"Hello!" exclaimed Bertrond. "That surprised him. He's never met a person who could speak with two voices before."

"Do you think he'll guess the truth when he meets us?" said Clindar.

"No. The robot will be pure magic to him-but it won't be any more wonderful than fire and lightning and all the other forces he must already take for granted."

"Well, what's the next move?" asked Altman, a little impatiently. "Are you going to bring him to the ship, or will you go into the village first?"

Bertrond hesitated. "I'm anxious not to do too much too quickly. You know the accidents that have happened with strange races when that's been tried. I'll let him think this over, and when we get back tomorrow I'll try to persuade him to take the robot back to the village."

In the hidden ship, Clindar reactivated the robot and started it moving again. Like Altman, he was growing a little impatient of this excessive caution, but on all matters relating to alien life-forms Bertrond was the expert, and they had to obey his orders.

There were times now when he almost wished he were a robot himself, devoid of feelings or emotions, able to watch the fall of a leaf or the death agonies of a world with equal detachment . . .

The sun was low when Yaan heard the great voice crying from the jungle. He recognized it at once, despite its inhuman volume: it was the voice of his friend, and it was calling him.

In the echoing silence, the life of the village came to a stop. Even the children ceased their play: the only sound was the thin cry of a baby frightened by the sudden silence.

All eyes were upon Yaan as he walked swiftly to his hut and

grasped the spear that lay beside the entrance. The stockade would soon be closed against the prowlers of the night, but he did not hesitate as he stepped out into the lengthening shadows. He was passing through the gates when once again that mighty voice summoned him, and now it held a note of urgency that came clearly across all the barriers of language and culture.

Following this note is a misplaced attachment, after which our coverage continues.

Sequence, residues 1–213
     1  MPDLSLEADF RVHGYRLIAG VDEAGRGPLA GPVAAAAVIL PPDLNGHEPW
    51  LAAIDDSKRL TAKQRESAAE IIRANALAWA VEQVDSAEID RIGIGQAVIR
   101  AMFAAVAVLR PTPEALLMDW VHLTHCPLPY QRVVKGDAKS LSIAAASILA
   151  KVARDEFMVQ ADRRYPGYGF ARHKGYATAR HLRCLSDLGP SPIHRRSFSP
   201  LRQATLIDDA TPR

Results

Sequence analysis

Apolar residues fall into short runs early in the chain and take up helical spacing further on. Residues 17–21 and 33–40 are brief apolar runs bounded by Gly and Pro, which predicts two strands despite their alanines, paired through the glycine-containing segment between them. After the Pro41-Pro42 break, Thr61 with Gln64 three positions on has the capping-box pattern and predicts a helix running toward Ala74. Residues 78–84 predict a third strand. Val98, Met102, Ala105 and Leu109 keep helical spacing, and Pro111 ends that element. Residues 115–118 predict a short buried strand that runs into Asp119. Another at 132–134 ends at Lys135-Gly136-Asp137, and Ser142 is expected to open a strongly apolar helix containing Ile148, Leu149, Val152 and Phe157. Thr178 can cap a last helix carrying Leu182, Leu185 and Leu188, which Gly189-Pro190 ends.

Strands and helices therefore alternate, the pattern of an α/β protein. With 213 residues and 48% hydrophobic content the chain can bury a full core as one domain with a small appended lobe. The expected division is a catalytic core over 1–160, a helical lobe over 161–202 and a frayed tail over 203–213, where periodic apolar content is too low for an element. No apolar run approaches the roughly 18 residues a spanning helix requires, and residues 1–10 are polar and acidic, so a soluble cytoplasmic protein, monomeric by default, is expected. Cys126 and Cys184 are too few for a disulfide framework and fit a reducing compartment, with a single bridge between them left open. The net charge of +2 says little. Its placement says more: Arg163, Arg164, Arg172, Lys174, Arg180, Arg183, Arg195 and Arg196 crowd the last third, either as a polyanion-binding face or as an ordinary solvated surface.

The shining giant who spoke with many voices met him a little way from the village and beckoned him to follow. There was no sign of Bertrond. They walked for almost a mile before they saw him in the distance, standing not far from the river's edge and staring out across the dark, slowly moving waters.

He turned as Yaan approached, yet for a moment seemed unaware of his presence. Then he gave a gesture of dismissal to the shining one, who withdrew into the distance.

Yaan waited. He was patient and, though he could never have expressed it in words, contented. When he was with Bertrond he felt the first intimations of that selfless, utterly irrational devotion his race would not fully achieve for many ages.

It was a strange tableau. Here at the river's brink two men were standing. One was dressed in a closely-fitting uniform equipped with tiny, intricate mechanisms. The other was wearing the skin of an animal and was carrying a flint-tipped spear. Ten thousand generations lay between them, ten thousand generations and an immeasurable gulf of space. Yet they were both human. As she must do often in eternity, Nature had repeated one of her basic patterns.

Presently Bertrond began to speak, walking to and fro in short, quick steps as he did, and in his voice there was a trace of madness.